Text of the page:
If you can't beat 'em, join 'em.
This weekend Jason and I got to know our Banging Class neighbors a little better. And I learned something: don't judge a book by its noisy cover.
Oh, and nothing brings a group of women together like a a good cat fight. Or dog fight, as the case may be.
On one of those warm, glowy evenings we had last week, before this current wave of cold weather (and sleet, believe it or not) moved in, I joined forces with the other women on my end of the street to defeat a common foe: the drunken woman at the end of the cul-de-sac whose dogs were running loose terrorizing our kids and fenced pets.
Since the big ice storm we had in January, the dogs have been a problem. Despite the leash laws in our city, and despite the fact that all the other dog owners on our end of the street keep their dogs either fenced or on chains, the live-in girlfriend of the motorcycle afficianado at the end of the cul-de-sac regularly turns her two chocolate labs out into the street to do as they please. I've chased them out of the garage, called them away from a terrified Ainsley (who isn't much taller than these dogs) and generally been passive-agressive in hollering at them to go to their home in a voice loud enough for the owners to hear. I know labs are gentle, but I don't want them running around in my garage while I shovel snow or do yard work, and I certainly don't want to take a chance one of them will nip Ainsley or knock her over in a bid for affection. I am fairly certain each one weighs more than my bony little kid.
Thursday afternoon the dogs were out for hours while the owners sat outside revving engines and drinking beer. The dogs did their usual tricks, running into garages and coming up to all the little kids out playing and going up to the other dogs behind their fences and barking and getting them all riled up. The lady across the street yelled at them, the lady next door yelled at them, I yelled at them, and the drunk owner lady yelled at them between beers to come home. But being dogs, they were more interested in exploring. And since no one was giving them any tangible boundaries, they did as they wanted for hours.
When they came after my neighbor-to-the-right's cat inside her garage, she confronted the owner in a rational, calm manner, asking her to please obey the leash law and keep her dogs in her yard.
Drunk women don't take well to rational and calm.
Before long there was shouting, and cussing, and threats of death toward my neighbor's cat. The lady across the street went down to the circle and provided backup; I found out later that she had tried to reason with the owner once before when the dogs chased her 5-year-old up the street, where she tripped on the sidewalk and hit her head.
By the time I got dinner on the table, cops were called and were taking statements. One cop went down to talk to the owner and tell her she had to keep her dogs in her own house and yard; I am guessing it didn't go so well. He stopped his car in front of our yard after talking to the owner and rolled down his window to talk to the group of hens out gossipping.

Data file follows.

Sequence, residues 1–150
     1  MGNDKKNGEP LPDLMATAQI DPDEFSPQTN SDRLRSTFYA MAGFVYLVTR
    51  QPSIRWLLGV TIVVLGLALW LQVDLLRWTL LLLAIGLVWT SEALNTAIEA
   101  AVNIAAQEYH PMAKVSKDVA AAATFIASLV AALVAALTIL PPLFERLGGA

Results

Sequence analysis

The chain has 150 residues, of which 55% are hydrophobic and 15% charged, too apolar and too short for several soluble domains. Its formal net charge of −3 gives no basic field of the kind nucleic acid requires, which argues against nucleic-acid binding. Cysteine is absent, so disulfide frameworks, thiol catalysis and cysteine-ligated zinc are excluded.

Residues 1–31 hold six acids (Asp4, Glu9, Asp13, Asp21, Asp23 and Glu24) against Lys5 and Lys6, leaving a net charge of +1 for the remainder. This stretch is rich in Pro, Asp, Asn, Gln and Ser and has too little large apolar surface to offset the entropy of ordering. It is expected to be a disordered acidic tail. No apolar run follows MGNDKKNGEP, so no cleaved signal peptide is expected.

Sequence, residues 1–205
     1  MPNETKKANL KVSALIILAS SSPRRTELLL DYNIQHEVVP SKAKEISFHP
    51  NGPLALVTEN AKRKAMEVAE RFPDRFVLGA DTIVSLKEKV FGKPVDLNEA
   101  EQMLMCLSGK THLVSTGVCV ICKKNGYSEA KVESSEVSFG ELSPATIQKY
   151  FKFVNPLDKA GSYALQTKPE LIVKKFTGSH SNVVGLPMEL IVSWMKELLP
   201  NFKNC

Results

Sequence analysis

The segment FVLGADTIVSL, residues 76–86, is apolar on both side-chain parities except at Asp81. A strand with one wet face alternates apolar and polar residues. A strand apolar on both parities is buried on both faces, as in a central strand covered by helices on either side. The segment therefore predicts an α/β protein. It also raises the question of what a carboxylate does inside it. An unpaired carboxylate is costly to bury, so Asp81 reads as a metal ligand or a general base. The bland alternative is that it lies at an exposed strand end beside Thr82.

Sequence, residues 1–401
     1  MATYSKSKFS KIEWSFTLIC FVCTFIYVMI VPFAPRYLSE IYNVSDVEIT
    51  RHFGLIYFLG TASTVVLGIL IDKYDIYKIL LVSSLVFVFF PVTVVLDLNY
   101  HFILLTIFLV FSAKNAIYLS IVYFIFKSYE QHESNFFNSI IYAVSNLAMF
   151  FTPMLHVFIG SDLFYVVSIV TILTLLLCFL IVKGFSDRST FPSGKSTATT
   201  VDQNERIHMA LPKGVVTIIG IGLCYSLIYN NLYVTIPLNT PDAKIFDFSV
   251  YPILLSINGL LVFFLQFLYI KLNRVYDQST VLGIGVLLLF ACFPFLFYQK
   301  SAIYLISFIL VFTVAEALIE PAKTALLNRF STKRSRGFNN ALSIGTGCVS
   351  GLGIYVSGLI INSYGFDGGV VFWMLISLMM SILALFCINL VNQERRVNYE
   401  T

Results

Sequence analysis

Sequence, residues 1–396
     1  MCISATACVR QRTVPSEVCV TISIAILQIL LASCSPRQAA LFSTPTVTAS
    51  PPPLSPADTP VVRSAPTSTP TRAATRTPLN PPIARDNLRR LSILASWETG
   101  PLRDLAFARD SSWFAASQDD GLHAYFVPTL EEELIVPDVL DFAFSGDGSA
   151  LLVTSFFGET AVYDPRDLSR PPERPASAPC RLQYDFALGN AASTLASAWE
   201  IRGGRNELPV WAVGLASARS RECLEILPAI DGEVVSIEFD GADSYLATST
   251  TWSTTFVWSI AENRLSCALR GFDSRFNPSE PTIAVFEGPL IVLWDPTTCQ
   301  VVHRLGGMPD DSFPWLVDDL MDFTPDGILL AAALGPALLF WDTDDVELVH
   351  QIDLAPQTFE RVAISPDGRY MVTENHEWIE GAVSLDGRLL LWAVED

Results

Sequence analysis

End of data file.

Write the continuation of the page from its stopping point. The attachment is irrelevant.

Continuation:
"You know, you can't fix stupid," he said. And shook his head and drove away.
Pumped up with adrenaline and united in the fight against stupidity and irresponsible pet ownership, 4 of us girls from the bottom end of the street stood outside until dark, a sort of blue-collar version of Desperate Housewives. We started 0ff with outright gossipping and then got into talk about our homes, our kids, our jobs. We were later joined by a couple of the husbands. By the end of it, I felt pretty bad about the whole "Banging Class" label (especially since the neighbor on the right apologized unprompted for her fiancee's love of dirt bikes and four-wheelers and air compressors.)
Things changed after that. On Saturday, a gorgeous spring day that surpassed in its gentle loveliness any other warm day we've had all season, all our kids played out together in new harmony. The dad across the street offered to take all the kids to the subdivision's park with their bikes and scooters, and during his hour with the kids had taught the three youngest ones (including my daughter) to ride bikes sans training wheels. Jason entertained them all in our yard when their little legs starting giving out. The adults talked to each other more in that one day than we have in the years we've all lived together on the street. And come night fall, Ainsley was invited next door to a little neighborhood bonfire where the kids roasted marshmallows and cozied up in lawn chairs while the men (Jason included) sipped beer and stood around talking like Hank Hill and company.
"I think we should thank the drunk lady for letting her dogs run loose the other day," Jason said Saturday night as we were getting settled in. "If it weren't for everyone getting mad at her, we may not have become friends with our neighbors."
Sad, but true. Though I would have a hard time thanking that lady; when I told Ainsley to stay away from that house for a while, Ains defended her saying, "But that lady's nice...when I rode my scooter down by her house, she was asleep on the hood of her car." So that opened up some uncomfortable mother-daughter conversation.
To summarize: nothing unites a neighborhood quite like a common enemy. Except possibly bonfires, beer, and bicycles.